"Turn coordination" is a topic that, until recently, has been mostly unapplied to ram-air parachute aerodynamics. In simplest terms, this refers to the degree to which a flight vehicle is aligned to the relative wind during a turn. Another way to look at this is the degree to which a turning aircraft is pointed at the relative wind with regards to the yaw axis.
A "clean turn", from an aerodynamic perspective, is one that keeps the nose of the aircraft pointed at the relative wind throughout the turn. When flying airplanes, this prevents the passengers from spilling their drinks, as well as saving fuel and preserving airspeed. In parachutes however, this aspect of turning has mostly been ignored. As parachutes become faster and faster, the time has come to begin thinking about this aspect of our canopy flight for several very important reasons.
The first has to do with the ability of the pilot to level off at any point during the turn. Lets face it, sometimes the ground creeps up on us. Flying an aerodynamically sound turn increases the likelihood that you will be able to convert your airspeed into lift in a timely manner. If you are sliding sideways through the sky because you are simply jamming a toggle down, you are not prepared to interface with the planet. The relative wind is jumping across the bumps on your parachute, creating turbulent flow, while the suspension line load is getting shifted to one side of your canopy. When you attempt to stab out of an uncoordinated turn, there is a hesitation before the parachute begins to change direction and level off. If the ground gets to you before this happens you may find yourself watching Oprah in your hospital bed for a while (not that I have anything against Oprah).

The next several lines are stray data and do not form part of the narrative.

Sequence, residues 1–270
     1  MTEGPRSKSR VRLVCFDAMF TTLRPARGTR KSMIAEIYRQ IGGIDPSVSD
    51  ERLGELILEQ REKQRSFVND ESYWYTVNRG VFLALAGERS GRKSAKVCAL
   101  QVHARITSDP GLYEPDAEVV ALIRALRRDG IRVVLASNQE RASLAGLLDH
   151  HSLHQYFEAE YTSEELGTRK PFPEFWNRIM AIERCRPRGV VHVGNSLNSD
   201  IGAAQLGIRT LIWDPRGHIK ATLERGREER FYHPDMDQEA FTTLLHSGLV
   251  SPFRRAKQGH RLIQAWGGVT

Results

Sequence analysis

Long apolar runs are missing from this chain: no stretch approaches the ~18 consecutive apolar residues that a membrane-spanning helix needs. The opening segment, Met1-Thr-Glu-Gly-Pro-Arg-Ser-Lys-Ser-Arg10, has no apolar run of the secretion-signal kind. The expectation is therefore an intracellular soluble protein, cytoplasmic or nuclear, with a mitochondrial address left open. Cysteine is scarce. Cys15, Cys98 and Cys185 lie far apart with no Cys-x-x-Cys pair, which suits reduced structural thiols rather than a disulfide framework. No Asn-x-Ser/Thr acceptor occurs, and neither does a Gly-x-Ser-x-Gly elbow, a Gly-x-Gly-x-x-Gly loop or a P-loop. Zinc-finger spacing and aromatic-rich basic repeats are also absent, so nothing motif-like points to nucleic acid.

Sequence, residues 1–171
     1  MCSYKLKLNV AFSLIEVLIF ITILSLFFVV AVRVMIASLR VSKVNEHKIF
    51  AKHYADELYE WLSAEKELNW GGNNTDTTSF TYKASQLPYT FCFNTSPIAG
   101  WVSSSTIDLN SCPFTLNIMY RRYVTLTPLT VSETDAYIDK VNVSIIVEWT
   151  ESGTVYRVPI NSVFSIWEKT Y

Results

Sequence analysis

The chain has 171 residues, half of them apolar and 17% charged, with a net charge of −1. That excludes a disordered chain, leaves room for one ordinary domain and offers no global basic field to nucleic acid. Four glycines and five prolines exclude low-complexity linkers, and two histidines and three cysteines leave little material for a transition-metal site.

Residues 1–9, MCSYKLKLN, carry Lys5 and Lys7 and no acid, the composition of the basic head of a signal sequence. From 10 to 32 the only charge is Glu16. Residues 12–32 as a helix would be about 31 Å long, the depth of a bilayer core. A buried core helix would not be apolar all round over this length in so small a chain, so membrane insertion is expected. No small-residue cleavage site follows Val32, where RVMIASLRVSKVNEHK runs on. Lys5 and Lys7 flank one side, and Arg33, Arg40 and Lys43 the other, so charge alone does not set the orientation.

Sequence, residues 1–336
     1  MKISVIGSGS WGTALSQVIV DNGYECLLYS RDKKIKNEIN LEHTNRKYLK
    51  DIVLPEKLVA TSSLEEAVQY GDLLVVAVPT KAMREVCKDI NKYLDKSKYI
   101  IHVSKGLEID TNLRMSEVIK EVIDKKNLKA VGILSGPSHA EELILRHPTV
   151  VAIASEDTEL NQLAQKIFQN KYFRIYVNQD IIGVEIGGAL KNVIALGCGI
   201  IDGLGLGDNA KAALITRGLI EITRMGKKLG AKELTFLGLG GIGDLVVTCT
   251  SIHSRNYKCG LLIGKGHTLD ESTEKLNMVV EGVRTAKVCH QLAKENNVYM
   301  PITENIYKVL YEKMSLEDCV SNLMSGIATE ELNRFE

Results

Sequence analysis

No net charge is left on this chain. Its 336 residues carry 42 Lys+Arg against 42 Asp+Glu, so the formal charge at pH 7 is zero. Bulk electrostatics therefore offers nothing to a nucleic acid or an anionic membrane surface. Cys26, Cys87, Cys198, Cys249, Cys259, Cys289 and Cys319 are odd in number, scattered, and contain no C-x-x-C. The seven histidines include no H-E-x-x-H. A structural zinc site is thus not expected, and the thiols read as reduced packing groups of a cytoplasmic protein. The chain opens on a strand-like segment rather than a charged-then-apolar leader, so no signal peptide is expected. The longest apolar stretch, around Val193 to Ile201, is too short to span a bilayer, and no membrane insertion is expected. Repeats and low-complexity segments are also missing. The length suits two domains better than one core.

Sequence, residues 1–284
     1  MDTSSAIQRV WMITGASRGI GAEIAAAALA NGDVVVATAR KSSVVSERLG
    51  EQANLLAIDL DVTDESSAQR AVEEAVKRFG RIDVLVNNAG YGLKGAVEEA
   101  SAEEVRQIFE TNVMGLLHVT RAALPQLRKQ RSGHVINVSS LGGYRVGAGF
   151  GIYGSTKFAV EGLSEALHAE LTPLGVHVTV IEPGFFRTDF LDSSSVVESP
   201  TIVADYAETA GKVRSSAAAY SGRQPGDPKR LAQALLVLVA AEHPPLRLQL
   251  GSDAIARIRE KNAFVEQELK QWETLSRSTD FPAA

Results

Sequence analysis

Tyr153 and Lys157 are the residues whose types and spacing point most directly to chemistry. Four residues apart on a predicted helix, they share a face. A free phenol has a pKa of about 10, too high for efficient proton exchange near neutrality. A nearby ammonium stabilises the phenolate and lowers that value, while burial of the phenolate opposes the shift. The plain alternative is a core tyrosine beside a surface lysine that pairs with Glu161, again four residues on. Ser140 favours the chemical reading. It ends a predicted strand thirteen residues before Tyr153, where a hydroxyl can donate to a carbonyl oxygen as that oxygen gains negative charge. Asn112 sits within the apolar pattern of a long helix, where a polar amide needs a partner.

The second reason for flying a coordinated turn has to do with overall parachute stability. In an uncoordinated turn, the nose of your parachute is not pointed at the oncoming relative wind. It is sliding sideways. This means that the pressure in your wing is being compromised, in addition to the wingtip on the outside of the turn being presented to the relative wind. If you hit turbulence during this kind of "sloppy" turn, you are much more likely to experience a collapse of this side of the parachute. In other words, if you are turning right, your left wing more likely to fold under. Interestingly, when an aggressive, uncoordinated toggle turn is released, the opposite tends to happen. When the right toggle is released, the right wing surges forward as the drag is released and it is presented to the relative wind, opening the door for a collapse on right side of the parachute. Either way, this can result in way too much daytime TV.
A fundamental problem...
There is a fundamental problem with the way in which most of us were taught how to turn our parachutes. They said: "if you want to turn right, pull down the right toggle." Simply pulling on a toggle increases the drag on the right side of the parachute, retreating that wing tip. At the beginning of the turn, it is purely "yaw" energy. It is like the pilot of an airplane stepping on the rudder pedal. As a discrete action, steering toggles are an incomplete input. We need some "roll" energy.
The harness is more than a way to attach the jumper to the parachute. It is also a way to manipulate the canopy itself. If the right leg reaches for the earth as the left hip reaches for the sky, the parachute will turn to the right. It is true that smaller parachutes will respond quicker to such inputs than larger ones, with elliptical canopies responding the quickest, but harness input will have an affect all parachutes. Most importantly, when used at the initiation of a turn, harness steering converts a toggle turn into a coordinated maneuver. This is true if you are under a Lotus 190 or a Samurai 95.